Amazon plans headphones that know when someone says your name

Noise-canceling headphones can make it hard to hear when a person actually needs your attention, and Amazon wants to fix that

Noise-canceling headphones provide a peaceful haven for those trying to work or sleep in loud environments, but make it difficult to hear when someone really needs your attention.

To address this problem, Amazon has outlined plans for headphones that selectively listen out for certain sound patterns such as someone saying a specific keyword, such as your name.

Noise-canceling headphones have microphones that listen to the sound coming from the outside world the chatter, traffic or building work and actively mute those frequencies. Amazon is proposing a design, for which the company has just been awarded a patent, that would analyze the incoming noise and listen for specific trigger words, phrases or sounds for example, Hey, Judy.

Upon recognizing the keyword or phrase, the device would temporarily stop canceling noise so that the headphone wearer could hear outside sounds. The patent documents suggest that the same temporary suspension of the noise-canceling capabilities could also be triggered by an electronic, non-audio signal sent from a second device, such as a doorbell.

The company has already developed sophisticated listening technology for Amazon Echo, the voice-controlled speaker that allows users to interact with a virtual assistant called Alexa. Echo listens for the command Hey, Alexa before firing up. It works well even when Echo is playing loud music or there is other background conversation and noise.

The patent filing lists Benjamin Scott and Mark Rafn, both software engineers for Amazon, as inventors. Scotts LinkedIn profile lists his job title as Alexa Information, suggesting that the patent could be related to improving the user experience with the companys voice-activated virtual assistant.

Perhaps the company is thinking about the safety of people walking around with hazard-muffling headsets. Or it might be considering putting a virtual assistant into earbuds, as we saw in Spike Jonzes film Her. Or perhaps its simply looking at ways that people could customize Alexa to allow her to selectively listen for keywords of their choosing? Or it could just be another patent left to gather dust in Amazons intellectual property cupboard.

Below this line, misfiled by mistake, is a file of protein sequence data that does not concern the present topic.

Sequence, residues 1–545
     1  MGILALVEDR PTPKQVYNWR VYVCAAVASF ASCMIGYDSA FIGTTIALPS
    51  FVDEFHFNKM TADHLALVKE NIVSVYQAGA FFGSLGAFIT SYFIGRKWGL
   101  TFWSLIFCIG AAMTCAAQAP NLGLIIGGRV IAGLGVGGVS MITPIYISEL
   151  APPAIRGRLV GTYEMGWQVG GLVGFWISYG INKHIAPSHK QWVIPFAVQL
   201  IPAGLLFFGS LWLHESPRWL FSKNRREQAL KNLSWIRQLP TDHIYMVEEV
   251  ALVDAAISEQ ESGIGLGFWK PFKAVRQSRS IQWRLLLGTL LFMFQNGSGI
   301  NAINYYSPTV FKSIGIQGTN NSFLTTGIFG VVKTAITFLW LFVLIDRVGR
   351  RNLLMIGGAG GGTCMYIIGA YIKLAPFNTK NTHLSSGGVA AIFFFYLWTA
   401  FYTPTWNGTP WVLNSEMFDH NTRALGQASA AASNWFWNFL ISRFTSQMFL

Amazon isnt the only company interested in technology with selective hearing. The New York-based startup <a href=”” data-link-name=”in” body link” class=”u-underline”>Doppler Labs has been working on active listening earbuds that allow you to enhance or eliminate certain frequencies depending on your preferences so you can reduce the sound of a baby crying or boost the bass in a club.

Doppler Labs CEO, Noah Kraft, believes that audio is the next great frontier for computing. He didnt know whether Amazon was planning to put Alexa into headphones, but said it was the logical next step.

Amazons Alexa works well because its built into a large tabletop device with good quality microphones that sits in your home and connects to the internet. Bringing the same technology into headphones is much more difficult, Kraft explains, as latency the delay between picking up sounds and responding to them is much more noticeable.

Having a giant thing sitting on a desk is very different from processing on the bud, he said. It has to happen in real time. Its not helpful if a siren hits your ear and then a second later gets reduced.

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